It's considerably more convenient to have a digital copy than a disk copy. Sure, the disk is an actual thing which you own but there is no reason a legal copy of a movie could not be re-downloaded if it were lost somehow, which would completely negate any concerns about the tangibility (is that a word?) of the movie. Digital copies can be stored, transferred, copied, emailed, and backed up. They can ALL be available at all times (instead of having to go dig out the disk).

I think that right now the major hurdles are a lack of dummy proof players, availability of legal digital downloads (not streaming) and just plain old momentum. The Disks have the momentum right now. They are a no-brainer. Eventually, digital will become a no-brainer and then you will see disk players getting packed into the closet with those old VHS players.

I think it's going to be a grand future!

1616.5.2009 4:00

Originally posted by Toshibot:
emugamer is right. ematrix just doesn't get it.

The article isn't talking about DVD vs BD.

It's talking about discs vs digital distribution.

...and if I remember my basic math correctly, the 88% number for discs is still the majority.
With all due respect, you just don't get my point. The original press release from NPD Group was about analysing the entertainment consumption for all types of home video purchases and rentals, not exclusively about DVD/BD discs vs digital distribution like VOD and streaming, as implied in this article.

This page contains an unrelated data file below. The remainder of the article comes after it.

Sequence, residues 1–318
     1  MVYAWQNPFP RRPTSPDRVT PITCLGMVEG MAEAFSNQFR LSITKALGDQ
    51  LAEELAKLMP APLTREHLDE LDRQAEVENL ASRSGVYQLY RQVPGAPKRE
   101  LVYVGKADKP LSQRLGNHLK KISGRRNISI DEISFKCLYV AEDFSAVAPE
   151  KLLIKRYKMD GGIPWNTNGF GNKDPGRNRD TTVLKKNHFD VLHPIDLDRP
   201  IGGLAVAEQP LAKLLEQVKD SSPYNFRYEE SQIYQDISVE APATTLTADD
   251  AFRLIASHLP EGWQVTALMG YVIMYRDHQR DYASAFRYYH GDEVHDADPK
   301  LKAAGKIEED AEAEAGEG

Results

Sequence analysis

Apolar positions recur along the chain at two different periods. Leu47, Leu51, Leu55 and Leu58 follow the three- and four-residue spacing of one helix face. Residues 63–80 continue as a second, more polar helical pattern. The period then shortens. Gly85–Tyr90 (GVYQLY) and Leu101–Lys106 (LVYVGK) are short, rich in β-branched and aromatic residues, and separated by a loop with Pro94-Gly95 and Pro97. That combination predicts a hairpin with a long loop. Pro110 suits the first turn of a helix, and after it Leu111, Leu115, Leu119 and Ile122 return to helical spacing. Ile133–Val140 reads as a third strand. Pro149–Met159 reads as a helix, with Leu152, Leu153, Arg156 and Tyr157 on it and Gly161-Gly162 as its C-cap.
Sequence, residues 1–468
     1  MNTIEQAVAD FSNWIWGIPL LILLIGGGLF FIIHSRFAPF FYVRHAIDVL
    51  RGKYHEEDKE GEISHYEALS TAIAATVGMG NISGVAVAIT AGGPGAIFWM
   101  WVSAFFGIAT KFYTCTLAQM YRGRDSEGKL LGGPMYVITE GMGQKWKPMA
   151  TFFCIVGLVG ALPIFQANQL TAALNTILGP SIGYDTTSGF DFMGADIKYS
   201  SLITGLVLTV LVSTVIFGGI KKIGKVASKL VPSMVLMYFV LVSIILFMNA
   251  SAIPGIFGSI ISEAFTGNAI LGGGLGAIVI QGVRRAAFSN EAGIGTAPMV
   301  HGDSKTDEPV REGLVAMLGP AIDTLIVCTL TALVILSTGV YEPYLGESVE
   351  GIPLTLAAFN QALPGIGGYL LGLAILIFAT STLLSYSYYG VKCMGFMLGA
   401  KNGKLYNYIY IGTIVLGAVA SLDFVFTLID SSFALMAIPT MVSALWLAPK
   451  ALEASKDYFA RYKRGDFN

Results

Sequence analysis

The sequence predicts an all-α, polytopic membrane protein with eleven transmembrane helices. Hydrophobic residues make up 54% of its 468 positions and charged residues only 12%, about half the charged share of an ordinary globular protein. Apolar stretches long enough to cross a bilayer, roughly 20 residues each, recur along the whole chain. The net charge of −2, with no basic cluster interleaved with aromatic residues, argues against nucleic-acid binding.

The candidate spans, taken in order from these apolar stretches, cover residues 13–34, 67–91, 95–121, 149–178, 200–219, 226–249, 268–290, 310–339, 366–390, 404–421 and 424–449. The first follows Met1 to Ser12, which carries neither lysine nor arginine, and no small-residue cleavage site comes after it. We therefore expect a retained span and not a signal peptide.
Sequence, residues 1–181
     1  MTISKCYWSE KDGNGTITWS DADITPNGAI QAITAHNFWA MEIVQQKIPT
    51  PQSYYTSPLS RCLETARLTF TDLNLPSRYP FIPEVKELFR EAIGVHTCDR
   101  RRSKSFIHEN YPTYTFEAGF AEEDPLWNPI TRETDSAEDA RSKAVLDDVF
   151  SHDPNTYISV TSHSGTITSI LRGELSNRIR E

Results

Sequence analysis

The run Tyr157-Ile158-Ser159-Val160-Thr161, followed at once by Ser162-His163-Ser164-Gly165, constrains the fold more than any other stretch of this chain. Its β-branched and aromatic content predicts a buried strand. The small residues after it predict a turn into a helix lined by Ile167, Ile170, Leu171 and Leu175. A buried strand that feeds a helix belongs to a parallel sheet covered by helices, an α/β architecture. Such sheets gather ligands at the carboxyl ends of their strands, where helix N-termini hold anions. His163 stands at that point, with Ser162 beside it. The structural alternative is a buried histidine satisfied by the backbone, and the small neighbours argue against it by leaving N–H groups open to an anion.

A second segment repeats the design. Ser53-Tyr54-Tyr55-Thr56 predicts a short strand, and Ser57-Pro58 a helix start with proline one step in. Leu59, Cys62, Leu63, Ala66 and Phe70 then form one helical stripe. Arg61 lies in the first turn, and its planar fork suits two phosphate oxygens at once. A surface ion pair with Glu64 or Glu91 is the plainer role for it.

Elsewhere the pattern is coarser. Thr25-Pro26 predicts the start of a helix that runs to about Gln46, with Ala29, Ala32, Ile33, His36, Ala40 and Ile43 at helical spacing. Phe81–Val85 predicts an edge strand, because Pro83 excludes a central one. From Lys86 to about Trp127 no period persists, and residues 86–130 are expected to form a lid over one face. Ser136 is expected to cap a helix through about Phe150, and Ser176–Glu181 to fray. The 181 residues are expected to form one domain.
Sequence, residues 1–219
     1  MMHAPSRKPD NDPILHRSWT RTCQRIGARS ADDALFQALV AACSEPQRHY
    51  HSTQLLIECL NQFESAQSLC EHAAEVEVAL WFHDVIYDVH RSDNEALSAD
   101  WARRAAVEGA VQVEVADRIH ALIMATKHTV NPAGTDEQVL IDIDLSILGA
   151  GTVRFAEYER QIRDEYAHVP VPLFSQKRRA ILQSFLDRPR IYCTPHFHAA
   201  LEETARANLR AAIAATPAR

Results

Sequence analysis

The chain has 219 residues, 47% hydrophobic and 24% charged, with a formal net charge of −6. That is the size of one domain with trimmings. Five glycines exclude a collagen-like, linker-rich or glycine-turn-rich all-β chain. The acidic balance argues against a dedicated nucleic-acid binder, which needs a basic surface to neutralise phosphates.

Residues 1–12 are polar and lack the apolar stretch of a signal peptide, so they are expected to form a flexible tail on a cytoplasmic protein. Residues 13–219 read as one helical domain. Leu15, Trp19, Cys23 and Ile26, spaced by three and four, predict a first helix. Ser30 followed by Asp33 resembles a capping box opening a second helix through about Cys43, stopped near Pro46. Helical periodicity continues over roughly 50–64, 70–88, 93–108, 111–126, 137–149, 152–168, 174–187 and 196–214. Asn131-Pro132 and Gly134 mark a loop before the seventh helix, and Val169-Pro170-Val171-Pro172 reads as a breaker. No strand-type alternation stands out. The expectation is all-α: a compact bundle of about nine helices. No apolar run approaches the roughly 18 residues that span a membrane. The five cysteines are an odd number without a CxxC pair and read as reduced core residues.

Even this article's title "DVD and Blu-ray still most popular way to get video" misleads readers into believing, that Blu-ray is an in-demand format of choice equal (or close to equal) to DVD, when in fact is nowhere near what DVD alone achieves; while this article informs only that 88% of money spent on home video acquisition going to DVD and Blu-ray purchases and rentals, it never clarifies the percentages that DVD and Blu-ray achieved.

The original press release from NPD Group, revealed that the average U.S. home video consumer reported spending an average of $25 per month on all types of home video purchases and rentals. When it comes to spending on home video content: 63% was spent on DVD purchases; 7% on BD purchases; 18% on DVD/BD rentals from retail stores, subscriptions or kiosks; 9% on video on-demand (VOD); and 3% on digital downloads and online streaming.

Therefore according to NPD Group, DVD alone is still very much the in-demand format of choice to get video (and not Blu-ray included) specially when it cames to purchasing movies, which is clearly reflected in their press release's title: "DVD Still Dominates Home Video in the U.S., but Digital Options Gain Traction"... notice that Blu-ray isn't in the title? Peace.